Via MSF: Battling the Ebola Outbreak in West Africa. Excerpt:
As the Ebola outbreak continues to spread, with 1,093 cases and 660 deaths now reported across west Africa, Doctors Without Borders/Médecins Sans Frontières (MSF) is stepping up its response in the most affected areas. While the number of cases in Guinea has declined significantly, in neighboring Sierra Leone and Liberia more and more people are being infected with the virus. With resources already stretched, health authorities and international organizations are struggling to bring the outbreak under control.
In Sierra Leone—now the epicenter of the epidemic, with 454 cases recorded so far—MSF is rapidly scaling up its response, with 22 international and 250 Sierra Leonean staff currently working in the country. In Kailahun, in the east of the country, the team is running a 64-bed Ebola treatment center.
Since the facility opened on June 24, 131 suspected, probable, and confirmed patients have been admitted for treatment. So far, 12 patients have recovered and returned home to their families. An MSF psychologist is providing support and counseling to patients and their families, as well as to other MSF staff members.
MSF is also supporting the Sierra Leonean Ministry of Health and Sanitation (MoHS) at two referral sites in the villages of Koindu and Buedu in Kailahun district, where people with symptoms of Ebola are isolated before being transferred by ambulance to MSF’s center in town.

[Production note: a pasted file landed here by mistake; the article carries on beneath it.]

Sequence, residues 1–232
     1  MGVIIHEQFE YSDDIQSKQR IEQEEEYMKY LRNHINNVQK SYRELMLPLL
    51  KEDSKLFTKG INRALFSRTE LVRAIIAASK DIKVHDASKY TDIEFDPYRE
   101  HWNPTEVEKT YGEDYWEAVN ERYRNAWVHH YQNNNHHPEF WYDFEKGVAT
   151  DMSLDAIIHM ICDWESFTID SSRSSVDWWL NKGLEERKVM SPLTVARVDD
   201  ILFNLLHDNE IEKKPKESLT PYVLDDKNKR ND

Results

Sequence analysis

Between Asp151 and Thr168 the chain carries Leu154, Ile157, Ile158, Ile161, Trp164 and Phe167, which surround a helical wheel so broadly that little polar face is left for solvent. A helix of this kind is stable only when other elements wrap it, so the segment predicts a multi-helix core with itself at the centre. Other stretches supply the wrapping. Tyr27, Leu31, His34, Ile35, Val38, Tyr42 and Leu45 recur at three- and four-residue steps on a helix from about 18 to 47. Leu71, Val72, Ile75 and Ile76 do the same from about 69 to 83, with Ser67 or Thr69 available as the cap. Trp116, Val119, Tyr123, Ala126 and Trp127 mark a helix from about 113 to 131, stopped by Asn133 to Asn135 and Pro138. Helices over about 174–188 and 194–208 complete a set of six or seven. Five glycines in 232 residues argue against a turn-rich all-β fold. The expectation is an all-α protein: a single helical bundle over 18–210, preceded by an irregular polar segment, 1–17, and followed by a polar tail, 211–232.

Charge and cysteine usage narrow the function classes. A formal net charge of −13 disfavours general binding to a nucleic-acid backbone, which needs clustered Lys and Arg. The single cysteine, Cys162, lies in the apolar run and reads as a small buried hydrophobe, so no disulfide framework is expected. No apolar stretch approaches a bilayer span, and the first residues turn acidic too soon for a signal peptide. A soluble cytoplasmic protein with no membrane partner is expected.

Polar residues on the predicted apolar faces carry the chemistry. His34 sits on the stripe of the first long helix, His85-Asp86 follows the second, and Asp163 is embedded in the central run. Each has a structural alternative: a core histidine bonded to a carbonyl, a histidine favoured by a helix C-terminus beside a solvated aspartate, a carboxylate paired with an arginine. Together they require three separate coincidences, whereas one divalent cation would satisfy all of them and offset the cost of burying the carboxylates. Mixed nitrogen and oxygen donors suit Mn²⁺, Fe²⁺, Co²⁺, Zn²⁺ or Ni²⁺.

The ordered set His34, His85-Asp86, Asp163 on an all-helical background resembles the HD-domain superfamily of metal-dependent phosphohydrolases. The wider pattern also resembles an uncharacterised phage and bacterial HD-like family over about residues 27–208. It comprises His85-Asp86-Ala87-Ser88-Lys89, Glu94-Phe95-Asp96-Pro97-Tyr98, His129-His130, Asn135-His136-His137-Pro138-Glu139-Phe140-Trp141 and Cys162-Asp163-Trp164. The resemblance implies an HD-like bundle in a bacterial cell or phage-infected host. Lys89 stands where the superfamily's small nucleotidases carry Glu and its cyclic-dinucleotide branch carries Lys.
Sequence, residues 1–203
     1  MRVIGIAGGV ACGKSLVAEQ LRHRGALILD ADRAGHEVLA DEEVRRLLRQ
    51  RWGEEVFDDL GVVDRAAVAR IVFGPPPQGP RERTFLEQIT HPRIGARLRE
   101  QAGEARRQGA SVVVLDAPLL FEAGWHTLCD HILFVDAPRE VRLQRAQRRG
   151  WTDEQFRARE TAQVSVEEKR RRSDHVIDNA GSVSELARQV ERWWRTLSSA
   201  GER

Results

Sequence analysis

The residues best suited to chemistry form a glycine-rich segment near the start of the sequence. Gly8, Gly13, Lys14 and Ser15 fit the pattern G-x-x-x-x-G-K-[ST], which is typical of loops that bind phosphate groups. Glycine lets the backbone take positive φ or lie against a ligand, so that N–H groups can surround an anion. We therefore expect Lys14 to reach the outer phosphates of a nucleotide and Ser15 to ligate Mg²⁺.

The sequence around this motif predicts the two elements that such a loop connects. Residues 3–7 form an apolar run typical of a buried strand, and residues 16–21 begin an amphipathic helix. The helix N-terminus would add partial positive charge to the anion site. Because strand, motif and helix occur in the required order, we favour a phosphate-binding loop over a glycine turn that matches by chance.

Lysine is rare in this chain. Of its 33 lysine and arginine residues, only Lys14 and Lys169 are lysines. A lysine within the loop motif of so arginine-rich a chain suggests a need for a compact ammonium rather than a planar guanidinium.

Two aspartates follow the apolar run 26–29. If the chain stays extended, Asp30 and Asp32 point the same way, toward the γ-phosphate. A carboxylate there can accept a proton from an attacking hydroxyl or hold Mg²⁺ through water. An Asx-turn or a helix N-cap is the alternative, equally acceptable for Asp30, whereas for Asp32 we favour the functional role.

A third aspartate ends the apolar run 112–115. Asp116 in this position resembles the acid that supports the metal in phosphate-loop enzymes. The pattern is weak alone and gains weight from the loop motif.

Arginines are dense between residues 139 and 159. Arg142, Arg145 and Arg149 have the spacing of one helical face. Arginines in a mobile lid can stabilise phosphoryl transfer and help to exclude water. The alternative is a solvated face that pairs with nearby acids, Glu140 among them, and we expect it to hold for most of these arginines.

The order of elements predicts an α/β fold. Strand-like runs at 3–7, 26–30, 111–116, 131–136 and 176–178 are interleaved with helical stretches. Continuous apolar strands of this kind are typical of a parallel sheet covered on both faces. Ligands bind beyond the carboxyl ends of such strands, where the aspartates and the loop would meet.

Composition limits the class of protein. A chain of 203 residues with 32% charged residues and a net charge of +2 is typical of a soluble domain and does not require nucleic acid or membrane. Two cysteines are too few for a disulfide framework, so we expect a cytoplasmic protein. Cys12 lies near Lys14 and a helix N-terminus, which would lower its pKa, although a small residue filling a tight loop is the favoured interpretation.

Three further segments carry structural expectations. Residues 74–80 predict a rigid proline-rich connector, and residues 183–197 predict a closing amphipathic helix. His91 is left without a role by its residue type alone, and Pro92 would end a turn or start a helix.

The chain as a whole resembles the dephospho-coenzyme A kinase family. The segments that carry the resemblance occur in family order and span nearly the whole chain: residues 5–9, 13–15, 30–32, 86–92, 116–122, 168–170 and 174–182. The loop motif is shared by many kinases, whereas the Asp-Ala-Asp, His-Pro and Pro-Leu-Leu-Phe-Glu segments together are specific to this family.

In the past three weeks, MSF has trained more than 200 community health workers to deliver essential health messages to people in their villages about how to protect themselves against Ebola and what action to take if someone shows any signs or symptoms of the disease.
MSF will now focus its efforts on halting the spread of the disease in the area straddling the Sierra Leone, Guinea, and Liberia borders, where the population is very mobile and people continue to transmit the disease to different villages. The team will scale up its health promotion and outreach activities in the villages in this area, and reinforce the alert system so that any new suspected cases can be identified promptly and transferred in MSF’s ambulance to Kailahun for treatment.
In Liberia, the situation is deteriorating rapidly, with cases of Ebola now confirmed in seven counties, including in the capital, Monrovia. There are critical gaps in all aspects of the response, and urgent efforts are needed to scale up, particularly in terms of contact tracing, organizing safe burials, and establishing a functioning alert system.
Already stretched beyond capacity in Guinea and Sierra Leone, MSF is able to provide only limited technical support to the Liberian Ministry of Health. MSF has set up an Ebola treatment center in Foya, in Lofa county in northern Liberia, where cases have been increasing since the end of May. After the initial set up, MSF handed over the management of the center to nongovernmental organization Samaritan’s Purse on July 8.